The most common wall treatment available is paint. The cans that you find in any hardware or paint store include a long list of toxic compounds that are neither good for the environment nor humans. When these paints dry they create volatile organic compounds or VOCs  which disperse into the air which you may breathe in. It can take a long time for some paints to stop producing VOCs which means you could be breathing these toxins in for years. Paints are also hard to recycle and can contaminate underground drinking water if they are disposed improperly.

You may still wait to use paint in your home but want a sustainable, green option. There are a couple choices that are made from natural ingredients which are good for the environment and anyone living in the home.

Milk Paint

Milk paint is made from casein, the protein found in milk; colours are attained by using natural pigments found in minerals, metal oxides, clay and salts. The paints come in powder form which would be mixed with water just before painting. The exact amount needed can be mixed and the remaining powder can be saved indefinitely for another project. This means that there is very little waste produced and what ever is left can be safely thrown out since all ingredients come from natural sources.

Positives of Milk Paint

Milk paint dries to an odorless, durable finish, is completely toxic free, food safe and produces no VOCs. This paint is completely biodegradable. You cant actually store premixed paint for very long as it will go rancid. Colours will stay vivid for many years and can be easily touched up with more paint.

Negatives of Milk Paint

Milk paint is porous and can easily stain but is impossible to clean. If you try washing milk paint it will actually wash off. Also, stay away from premixed milk paint as it could spoil or it might be mixed with other not so green ingredients like latex. The positives easily outweigh the negatives.

Organic and Natural Paint

Natural paints are derived from natural sources such as Dammar resin, turpentine, natural rubber latex, carnauba wax, tung oils, vegetable oils, beeswax and a number of other natural ingredients. Just because the label says natural doesn't mean that it will be odor free or non toxic. Some natural ingredients can still be quite irritating to humans but are ultimately better for the environment. Make sure to research specific ingredients and do a smell test to see if the paint will be irritating to your lungs. These paint do produce natural VOCs but whether they are better than manufactured VOCs is still to be determined.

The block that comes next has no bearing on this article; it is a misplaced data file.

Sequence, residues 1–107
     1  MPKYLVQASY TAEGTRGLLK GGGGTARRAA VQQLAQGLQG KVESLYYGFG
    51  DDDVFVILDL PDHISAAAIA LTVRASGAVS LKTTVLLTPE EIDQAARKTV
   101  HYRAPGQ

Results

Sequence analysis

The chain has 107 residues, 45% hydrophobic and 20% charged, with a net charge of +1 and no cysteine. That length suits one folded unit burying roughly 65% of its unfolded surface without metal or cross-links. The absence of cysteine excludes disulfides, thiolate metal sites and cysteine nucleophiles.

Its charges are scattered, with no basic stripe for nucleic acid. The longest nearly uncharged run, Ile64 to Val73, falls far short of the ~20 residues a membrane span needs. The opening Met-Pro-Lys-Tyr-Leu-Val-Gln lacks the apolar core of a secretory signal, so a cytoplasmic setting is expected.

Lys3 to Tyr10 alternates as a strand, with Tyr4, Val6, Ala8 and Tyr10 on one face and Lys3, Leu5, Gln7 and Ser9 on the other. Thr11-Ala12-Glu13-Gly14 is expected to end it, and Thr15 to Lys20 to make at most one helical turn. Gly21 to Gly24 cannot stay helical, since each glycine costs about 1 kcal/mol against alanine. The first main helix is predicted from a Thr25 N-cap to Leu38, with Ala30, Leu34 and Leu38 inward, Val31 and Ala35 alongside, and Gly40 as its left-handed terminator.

Positives of Natural Paint

Better for the environment and usually created from renewable natural sources. Typically has lower VOCs than other traditional paints. They also breakdown and degrade safer and faster than other paints.

Negatives of Natural Paint

These paints do require proper disposal and clean up similar to traditional paints. Some brands can be quite odorous depending on ingredients. They don't store for as long and colour matching may be limited so touch ups may be tricky.

Silicate Dispersion Paint

While you have probably heard of milk and natural paint you probably have no idea what silicate dispersion paint is. It is made from liquefied potassium silicate which forms a durable, permanent coating when it naturally reacts and binds with calcium salts, silica, ceramics and metals. It can be used like any other paint but finishes into a durable almost rock like coating.

Positives of Silicate Dispersion Paint

Is a durable yet breathable surface which is non combustible, odorless, VOC free, nontoxic and virtually fade free. Very easy to clean as it is water resistant and can last for generations.

Negatives of Silicate Dispersion Paint

The manufacturing process is energy intensive as it requires electrolysis and high temperatures. This may be worth it if you want the finish to last for a very long time without the requirement for many touch ups.  

Word of the Day: Wastewater

Water that has been used and contaminated. It must be purified before reusing or returning it to the environment.  

AuthorCamille Pacori